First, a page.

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Transl Psychiatry. 2017 Dec 8;7(12):1270. doi: 10.1038/s41398-017-0020-7.

Inter and intra-hemispheric structural imaging markers predict depression relapse after electroconvulsive therapy: a multisite study.

Author information

1
Department of Neurology, UCLA, Ahmanson-Lovelace Brain Mapping Center, Los Angeles, USA.
2
Department of Psychiatry and Biobehavioral Sciences, UCLA, Los Angeles, USA.
3
The Mind Research Network and Lovelace Biomedical and Environmental Research Institute, Albuquerque, NM, USA.
4
Brainnetome Center and National Laboratory of Pattern Recognition, Institute of Automation, Chinese Academy of Sciences, Beijing, China.
5
Chinese Academy of Sciences Center for Excellence in Brain Science, Institute of Automation, Beijing, China.
6
Department of Psychiatry and Biobehavioral Sciences, Semel Institute, UCLA, Los Angeles, USA.
7
Department of Psychiatry, University of New Mexico, Albuquerque, USA.
8
Department of Neurology, UCLA, Ahmanson-Lovelace Brain Mapping Center, Los Angeles, USA. narr@ucla.edu.
9
Department of Psychiatry and Biobehavioral Sciences, UCLA, Los Angeles, USA. narr@ucla.edu.

Abstract

Relapse of depression following treatment is high. Biomarkers predictive of an individual's relapse risk could provide earlier opportunities for prevention. Since electroconvulsive therapy (ECT) elicits robust and rapidly acting antidepressant effects, but has a >50% relapse rate, ECT presents a valuable model for determining predictors of relapse-risk. Although previous studies have associated ECT-induced changes in brain morphometry with clinical response, longer-term outcomes have not been addressed. Using structural imaging data from 42 ECT-responsive patients obtained prior to and directly following an ECT treatment index series at two independent sites (UCLA: n = 17, age = 45.41±12.34 years; UNM: n = 25; age = 65.00±8.44), here we test relapse prediction within 6-months post-ECT. Random forests were used to predict subsequent relapse using singular and ratios of intra and inter-hemispheric structural imaging measures and clinical variables from pre-, post-, and pre-to-post ECT. Relapse risk was determined as a function of feature variation. Relapse was well-predicted both within site and when cohorts were pooled where top-performing models yielded balanced accuracies of 71-78%. Top predictors included cingulate isthmus asymmetry, pallidal asymmetry, the ratio of the paracentral to precentral cortical thickness and the ratio of lateral occipital to pericalcarine cortical thickness. Pooling cohorts and predicting relapse from post-treatment measures provided the best classification performances. However, classifiers trained on each age-disparate cohort were less informative for prediction in the held-out cohort. Post-treatment structural neuroimaging measures and the ratios of connected regions commonly implicated in depression pathophysiology are informative of relapse risk. Structural imaging measures may have utility for devising more personalized preventative medicine approaches.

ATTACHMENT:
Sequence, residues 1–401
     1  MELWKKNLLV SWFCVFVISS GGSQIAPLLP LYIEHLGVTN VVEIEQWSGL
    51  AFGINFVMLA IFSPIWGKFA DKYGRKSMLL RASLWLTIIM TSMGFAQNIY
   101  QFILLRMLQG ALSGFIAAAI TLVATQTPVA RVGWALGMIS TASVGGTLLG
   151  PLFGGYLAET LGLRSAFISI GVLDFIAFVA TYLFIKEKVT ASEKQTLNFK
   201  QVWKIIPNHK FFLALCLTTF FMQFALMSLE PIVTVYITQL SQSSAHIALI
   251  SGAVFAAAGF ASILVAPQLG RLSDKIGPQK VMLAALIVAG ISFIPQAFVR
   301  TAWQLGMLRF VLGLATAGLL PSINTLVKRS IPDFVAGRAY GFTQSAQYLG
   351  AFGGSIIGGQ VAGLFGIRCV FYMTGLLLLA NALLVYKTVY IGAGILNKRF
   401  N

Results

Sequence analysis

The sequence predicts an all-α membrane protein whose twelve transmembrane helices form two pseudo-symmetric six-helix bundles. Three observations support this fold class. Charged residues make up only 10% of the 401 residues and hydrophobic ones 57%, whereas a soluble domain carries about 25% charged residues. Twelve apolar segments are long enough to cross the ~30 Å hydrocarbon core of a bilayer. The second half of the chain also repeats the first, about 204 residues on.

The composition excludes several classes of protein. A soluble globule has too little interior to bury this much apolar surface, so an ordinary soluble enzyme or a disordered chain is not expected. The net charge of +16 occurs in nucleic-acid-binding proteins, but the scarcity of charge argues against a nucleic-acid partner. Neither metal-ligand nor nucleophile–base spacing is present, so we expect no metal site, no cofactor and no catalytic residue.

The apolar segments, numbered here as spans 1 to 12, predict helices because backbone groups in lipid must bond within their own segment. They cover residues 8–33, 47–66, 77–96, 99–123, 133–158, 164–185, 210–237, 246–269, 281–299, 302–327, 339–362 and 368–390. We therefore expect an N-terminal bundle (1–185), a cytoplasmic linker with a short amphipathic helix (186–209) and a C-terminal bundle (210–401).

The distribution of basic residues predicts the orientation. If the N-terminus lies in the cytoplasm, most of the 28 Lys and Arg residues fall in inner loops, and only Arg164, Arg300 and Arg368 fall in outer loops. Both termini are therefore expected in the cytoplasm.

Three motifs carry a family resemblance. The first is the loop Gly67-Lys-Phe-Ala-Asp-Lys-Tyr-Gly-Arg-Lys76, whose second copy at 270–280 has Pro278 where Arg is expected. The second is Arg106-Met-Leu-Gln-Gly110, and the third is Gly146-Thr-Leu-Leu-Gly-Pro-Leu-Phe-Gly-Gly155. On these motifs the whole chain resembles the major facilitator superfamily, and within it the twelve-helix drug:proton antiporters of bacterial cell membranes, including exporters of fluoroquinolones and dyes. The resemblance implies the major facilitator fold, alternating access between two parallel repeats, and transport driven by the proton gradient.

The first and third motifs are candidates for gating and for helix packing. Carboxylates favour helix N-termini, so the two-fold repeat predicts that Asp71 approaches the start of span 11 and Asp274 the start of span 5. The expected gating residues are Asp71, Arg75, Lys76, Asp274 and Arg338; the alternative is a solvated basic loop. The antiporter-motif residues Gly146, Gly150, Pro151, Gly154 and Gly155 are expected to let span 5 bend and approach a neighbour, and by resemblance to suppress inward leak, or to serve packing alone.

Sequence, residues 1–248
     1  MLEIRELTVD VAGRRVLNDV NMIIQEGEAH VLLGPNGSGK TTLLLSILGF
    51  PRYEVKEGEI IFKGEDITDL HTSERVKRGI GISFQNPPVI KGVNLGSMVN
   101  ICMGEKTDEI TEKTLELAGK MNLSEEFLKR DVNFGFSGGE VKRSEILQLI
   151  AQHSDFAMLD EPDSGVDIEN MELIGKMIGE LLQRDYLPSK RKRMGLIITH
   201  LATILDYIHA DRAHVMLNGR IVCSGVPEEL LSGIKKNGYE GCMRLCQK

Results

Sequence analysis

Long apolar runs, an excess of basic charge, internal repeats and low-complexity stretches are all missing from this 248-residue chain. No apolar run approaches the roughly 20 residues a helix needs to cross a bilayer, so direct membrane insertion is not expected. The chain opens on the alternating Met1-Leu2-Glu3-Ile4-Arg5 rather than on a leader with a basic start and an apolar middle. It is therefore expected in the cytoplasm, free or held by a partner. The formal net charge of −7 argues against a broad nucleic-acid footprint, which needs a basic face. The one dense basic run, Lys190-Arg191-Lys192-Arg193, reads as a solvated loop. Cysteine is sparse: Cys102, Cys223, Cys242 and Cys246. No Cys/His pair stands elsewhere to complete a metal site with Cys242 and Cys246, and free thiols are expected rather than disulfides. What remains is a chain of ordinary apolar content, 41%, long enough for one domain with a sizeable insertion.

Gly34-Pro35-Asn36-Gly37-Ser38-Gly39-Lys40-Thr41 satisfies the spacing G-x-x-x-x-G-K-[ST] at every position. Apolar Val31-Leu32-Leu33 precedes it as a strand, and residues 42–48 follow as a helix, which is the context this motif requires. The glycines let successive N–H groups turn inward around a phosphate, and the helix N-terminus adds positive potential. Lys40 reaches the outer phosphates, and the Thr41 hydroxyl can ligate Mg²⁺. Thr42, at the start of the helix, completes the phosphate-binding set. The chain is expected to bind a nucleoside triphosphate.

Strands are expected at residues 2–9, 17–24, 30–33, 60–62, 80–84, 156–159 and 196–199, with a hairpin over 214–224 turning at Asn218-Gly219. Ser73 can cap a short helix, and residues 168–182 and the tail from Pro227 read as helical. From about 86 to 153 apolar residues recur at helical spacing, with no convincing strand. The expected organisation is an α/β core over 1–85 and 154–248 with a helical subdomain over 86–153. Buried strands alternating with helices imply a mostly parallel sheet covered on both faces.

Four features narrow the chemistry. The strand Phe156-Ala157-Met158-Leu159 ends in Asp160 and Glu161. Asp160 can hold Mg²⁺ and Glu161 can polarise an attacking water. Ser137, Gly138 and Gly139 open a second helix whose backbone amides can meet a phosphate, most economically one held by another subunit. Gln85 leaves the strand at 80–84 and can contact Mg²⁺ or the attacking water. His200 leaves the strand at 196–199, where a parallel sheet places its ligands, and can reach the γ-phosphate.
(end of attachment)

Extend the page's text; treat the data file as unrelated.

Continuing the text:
PMID:
29217832
PMCID:
PMC5802464
DOI:
10.1038/s41398-017-0020-7
[Indexed for MEDLINE]
Free PMC Article

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